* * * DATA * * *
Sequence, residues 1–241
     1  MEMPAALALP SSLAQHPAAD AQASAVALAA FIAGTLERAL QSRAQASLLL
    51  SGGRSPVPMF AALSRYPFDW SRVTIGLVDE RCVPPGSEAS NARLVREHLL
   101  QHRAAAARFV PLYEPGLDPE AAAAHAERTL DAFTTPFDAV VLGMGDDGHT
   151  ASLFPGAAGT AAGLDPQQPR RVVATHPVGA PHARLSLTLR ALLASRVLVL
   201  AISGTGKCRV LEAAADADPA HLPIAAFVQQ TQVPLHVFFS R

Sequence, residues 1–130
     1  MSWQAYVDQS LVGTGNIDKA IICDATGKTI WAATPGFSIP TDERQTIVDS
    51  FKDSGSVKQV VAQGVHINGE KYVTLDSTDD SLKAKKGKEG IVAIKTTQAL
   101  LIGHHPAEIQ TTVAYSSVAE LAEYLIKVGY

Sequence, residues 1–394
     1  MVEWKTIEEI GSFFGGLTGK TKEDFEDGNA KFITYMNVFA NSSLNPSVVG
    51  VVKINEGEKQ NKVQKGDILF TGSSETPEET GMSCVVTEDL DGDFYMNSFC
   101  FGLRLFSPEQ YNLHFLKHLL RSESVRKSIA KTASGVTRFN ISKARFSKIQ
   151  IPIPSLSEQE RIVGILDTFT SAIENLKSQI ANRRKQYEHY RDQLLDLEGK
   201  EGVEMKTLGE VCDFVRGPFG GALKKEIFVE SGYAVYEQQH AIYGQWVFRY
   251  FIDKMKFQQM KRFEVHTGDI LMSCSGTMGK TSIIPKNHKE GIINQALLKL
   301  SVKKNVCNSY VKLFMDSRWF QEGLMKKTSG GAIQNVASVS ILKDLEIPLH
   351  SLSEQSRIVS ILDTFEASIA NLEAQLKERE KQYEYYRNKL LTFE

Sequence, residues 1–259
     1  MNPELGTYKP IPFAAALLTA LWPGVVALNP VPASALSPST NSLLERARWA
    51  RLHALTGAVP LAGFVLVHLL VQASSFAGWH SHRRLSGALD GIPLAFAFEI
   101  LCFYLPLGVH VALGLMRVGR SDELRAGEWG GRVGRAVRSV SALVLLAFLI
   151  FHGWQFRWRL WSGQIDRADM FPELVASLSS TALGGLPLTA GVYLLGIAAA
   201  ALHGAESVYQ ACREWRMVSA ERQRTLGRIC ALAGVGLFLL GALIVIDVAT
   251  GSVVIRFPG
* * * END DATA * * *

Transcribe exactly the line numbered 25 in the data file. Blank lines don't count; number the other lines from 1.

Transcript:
   201  ALHGAESVYQ ACREWRMVSA ERQRTLGRIC ALAGVGLFLL GALIVIDVAT